Kentucky

Tri-State School Bus Drivers Learn Trauma Training

If you ask a number of Tri-State bus drivers why they do their job they’ll probably mention the responsibility.

“The most precious cargo on earth, the next generation that we carry everyday,”says the Transportation Director for Daviess County Public Schools Downey Ward.

Tri-State bus drivers and monitors are going through trauma training.

“And recognizing if something is wrong like a seizure or the first aid or even the nose bleed,” says Arlinda Matthingly who is a school bus driver and trainer with Daviess County School Corporation.

The mandatory training has been underway for some time, but this year there’s something new. The Love and Logic program falls under the people behavior management curriculum.

“We don’t ask the question what in the world is wrong with you. We ask what happened to you. And because we know that something may be going on we treat you differently. And we treat you with caring loving clothes but that doesn’t mean their aren’t consequences for behavior,” says Leslie Peveler the Highland Elementary School Principal.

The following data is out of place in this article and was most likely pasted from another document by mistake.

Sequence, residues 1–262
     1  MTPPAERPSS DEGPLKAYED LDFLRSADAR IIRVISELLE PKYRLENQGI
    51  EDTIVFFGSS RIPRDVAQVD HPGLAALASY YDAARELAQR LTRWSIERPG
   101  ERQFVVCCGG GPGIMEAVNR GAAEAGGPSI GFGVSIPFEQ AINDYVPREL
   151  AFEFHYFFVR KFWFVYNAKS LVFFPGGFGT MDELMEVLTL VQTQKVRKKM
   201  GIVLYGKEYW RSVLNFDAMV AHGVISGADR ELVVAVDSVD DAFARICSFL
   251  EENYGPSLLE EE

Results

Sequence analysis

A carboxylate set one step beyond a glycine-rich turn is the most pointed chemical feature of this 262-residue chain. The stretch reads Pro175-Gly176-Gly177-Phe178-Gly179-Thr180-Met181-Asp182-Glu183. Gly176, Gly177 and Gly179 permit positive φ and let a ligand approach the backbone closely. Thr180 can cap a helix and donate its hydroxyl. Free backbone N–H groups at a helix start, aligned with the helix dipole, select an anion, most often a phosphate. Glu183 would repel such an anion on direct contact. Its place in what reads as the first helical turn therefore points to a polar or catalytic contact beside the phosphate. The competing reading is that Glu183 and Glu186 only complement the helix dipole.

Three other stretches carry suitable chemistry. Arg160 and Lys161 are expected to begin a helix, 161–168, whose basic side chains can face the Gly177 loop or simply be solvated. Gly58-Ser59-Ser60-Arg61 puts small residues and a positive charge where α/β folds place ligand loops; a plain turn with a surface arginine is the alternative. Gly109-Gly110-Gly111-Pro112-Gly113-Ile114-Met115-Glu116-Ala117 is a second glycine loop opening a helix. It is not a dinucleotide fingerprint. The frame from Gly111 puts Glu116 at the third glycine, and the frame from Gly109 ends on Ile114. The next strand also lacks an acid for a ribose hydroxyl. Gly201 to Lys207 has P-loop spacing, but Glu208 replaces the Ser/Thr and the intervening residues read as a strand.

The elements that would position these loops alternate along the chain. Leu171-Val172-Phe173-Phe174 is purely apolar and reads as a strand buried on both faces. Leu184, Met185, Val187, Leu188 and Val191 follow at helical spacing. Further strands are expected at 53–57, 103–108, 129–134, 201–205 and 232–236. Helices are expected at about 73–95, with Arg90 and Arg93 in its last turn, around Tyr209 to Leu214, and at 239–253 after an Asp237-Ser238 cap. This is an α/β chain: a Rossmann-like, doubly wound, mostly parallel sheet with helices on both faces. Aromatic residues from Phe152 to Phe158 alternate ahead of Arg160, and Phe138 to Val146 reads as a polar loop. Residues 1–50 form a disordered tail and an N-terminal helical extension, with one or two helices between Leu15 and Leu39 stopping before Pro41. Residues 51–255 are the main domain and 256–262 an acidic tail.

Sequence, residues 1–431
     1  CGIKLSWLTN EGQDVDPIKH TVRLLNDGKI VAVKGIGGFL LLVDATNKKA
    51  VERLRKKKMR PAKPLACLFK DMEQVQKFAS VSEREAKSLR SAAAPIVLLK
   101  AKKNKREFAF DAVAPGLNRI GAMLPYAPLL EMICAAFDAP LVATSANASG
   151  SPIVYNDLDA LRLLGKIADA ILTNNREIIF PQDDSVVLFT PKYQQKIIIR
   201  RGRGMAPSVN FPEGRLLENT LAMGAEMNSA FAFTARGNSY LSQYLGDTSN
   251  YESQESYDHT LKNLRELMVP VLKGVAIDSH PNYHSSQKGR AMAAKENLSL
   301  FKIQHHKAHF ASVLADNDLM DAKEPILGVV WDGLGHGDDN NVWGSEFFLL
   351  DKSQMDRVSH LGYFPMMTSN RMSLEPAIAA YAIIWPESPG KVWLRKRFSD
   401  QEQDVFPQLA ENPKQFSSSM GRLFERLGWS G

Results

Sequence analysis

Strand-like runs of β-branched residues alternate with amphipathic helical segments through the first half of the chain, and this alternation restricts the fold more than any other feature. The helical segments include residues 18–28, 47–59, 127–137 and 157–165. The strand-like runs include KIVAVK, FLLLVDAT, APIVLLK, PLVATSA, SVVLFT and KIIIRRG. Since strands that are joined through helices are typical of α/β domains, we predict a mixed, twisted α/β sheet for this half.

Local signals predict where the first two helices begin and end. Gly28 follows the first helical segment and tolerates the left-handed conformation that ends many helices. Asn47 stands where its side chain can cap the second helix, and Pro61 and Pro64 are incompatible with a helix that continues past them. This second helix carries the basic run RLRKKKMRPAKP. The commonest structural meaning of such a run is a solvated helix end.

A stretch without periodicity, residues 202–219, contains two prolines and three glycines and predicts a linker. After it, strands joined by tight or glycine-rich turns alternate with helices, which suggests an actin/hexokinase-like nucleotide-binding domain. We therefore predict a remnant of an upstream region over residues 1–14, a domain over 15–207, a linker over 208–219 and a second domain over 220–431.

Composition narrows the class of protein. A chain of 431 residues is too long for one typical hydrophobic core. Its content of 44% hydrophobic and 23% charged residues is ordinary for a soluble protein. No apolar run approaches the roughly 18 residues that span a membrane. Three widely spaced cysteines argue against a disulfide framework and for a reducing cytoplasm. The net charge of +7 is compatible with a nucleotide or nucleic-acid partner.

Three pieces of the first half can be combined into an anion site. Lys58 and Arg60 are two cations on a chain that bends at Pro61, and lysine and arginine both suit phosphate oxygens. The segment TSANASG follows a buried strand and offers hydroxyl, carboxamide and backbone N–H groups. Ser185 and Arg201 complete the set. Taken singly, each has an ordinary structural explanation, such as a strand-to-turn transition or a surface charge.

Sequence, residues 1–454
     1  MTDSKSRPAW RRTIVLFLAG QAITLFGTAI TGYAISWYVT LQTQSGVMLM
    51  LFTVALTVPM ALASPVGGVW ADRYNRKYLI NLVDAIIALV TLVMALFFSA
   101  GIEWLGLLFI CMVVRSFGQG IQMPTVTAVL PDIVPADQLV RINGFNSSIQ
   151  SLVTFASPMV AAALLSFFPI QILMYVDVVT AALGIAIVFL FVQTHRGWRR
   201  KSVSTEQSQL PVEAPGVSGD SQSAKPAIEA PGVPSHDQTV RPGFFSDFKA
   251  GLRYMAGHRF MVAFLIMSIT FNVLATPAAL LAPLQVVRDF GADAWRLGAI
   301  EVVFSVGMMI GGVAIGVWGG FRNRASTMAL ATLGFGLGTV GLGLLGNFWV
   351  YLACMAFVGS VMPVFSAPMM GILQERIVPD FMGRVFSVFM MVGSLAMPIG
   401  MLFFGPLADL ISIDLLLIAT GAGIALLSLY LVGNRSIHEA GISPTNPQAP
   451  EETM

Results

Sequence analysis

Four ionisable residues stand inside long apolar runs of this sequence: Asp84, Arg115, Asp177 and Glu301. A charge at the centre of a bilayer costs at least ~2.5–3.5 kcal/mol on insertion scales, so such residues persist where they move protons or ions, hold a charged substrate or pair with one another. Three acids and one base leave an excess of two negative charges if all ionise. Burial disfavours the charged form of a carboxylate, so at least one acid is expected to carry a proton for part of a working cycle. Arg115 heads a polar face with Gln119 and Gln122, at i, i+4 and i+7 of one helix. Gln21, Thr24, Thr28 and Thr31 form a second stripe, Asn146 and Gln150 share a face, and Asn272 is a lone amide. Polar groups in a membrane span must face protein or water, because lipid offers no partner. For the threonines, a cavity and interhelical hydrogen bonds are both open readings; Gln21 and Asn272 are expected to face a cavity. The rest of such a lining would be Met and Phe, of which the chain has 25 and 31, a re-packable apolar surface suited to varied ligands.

“In the child job description it says find your last nerve and dance on it. That is what children do. You have to learn to cope. You have to develop coping mechanisms to deal with that and to connect with them,” says Ward.

Some drivers transport up to 65 students at a time.

“Very stressful because you are not only dealing with what’s behind you, you’re dealing with everything that is around you,” says Mattingly.

Indiana has added new laws for drivers after three siblings died in a car crash at a school bus stop.

“We like to say anything in our handbook if there is a rule in there it is written in blood there is a reason why its in there. If it prohibits something there is a reason why that is,” says Ward.

And that’s especially true for school bus drivers, but all drivers can never be too safe.

“You can’t anticipate every situation, but if you are mentally and physically prepared everyday to do your best and you are aware of what is going on you’re better prepared to meet whatever challenges that you are going to run into on the road,” says Ward.

Under Indiana’s new school bus laws drivers who ignore a stop arm could have their license suspended for up to three months.

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